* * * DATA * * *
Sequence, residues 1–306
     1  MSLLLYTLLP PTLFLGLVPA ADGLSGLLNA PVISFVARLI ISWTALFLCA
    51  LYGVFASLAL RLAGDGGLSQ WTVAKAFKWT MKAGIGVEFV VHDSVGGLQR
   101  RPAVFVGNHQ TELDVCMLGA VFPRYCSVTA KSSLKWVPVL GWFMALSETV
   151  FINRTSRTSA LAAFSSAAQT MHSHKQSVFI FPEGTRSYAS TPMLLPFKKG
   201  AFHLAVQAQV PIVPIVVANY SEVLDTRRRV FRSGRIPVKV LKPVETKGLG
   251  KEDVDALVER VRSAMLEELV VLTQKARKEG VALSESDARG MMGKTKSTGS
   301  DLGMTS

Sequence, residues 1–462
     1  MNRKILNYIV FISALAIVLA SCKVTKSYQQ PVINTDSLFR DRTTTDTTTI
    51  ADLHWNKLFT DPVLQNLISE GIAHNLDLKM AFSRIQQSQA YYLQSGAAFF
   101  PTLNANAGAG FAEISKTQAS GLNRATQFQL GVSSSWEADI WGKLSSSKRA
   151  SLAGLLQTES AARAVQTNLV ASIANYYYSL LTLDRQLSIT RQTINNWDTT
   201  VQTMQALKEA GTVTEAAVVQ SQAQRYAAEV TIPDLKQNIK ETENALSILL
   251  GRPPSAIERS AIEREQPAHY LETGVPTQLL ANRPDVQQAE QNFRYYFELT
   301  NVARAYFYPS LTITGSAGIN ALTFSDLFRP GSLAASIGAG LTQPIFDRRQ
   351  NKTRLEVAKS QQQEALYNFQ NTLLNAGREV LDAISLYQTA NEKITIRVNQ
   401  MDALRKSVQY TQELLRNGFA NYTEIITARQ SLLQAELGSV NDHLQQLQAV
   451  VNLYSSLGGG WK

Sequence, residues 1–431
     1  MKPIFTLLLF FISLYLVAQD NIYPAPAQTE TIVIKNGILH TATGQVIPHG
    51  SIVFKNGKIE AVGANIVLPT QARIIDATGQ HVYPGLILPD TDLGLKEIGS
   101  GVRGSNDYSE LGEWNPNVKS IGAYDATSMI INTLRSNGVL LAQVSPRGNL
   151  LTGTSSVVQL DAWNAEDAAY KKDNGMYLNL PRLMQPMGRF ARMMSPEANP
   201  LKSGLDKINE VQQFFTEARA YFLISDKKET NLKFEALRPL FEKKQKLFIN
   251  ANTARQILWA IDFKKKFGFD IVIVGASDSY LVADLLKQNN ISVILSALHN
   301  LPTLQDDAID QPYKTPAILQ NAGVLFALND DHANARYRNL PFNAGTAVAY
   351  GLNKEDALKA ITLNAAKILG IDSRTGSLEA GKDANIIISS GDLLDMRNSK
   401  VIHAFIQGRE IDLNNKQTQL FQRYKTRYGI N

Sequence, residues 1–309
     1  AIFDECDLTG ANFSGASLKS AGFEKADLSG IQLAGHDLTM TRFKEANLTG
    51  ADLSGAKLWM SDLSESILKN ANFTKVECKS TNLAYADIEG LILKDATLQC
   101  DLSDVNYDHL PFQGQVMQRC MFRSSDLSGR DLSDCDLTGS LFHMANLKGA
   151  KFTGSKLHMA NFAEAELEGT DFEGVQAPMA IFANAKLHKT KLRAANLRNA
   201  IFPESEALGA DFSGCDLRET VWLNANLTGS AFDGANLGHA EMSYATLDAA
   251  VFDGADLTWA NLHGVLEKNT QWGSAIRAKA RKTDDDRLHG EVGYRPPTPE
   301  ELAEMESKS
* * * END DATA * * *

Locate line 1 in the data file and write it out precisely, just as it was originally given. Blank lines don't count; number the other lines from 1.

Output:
Sequence, residues 1–306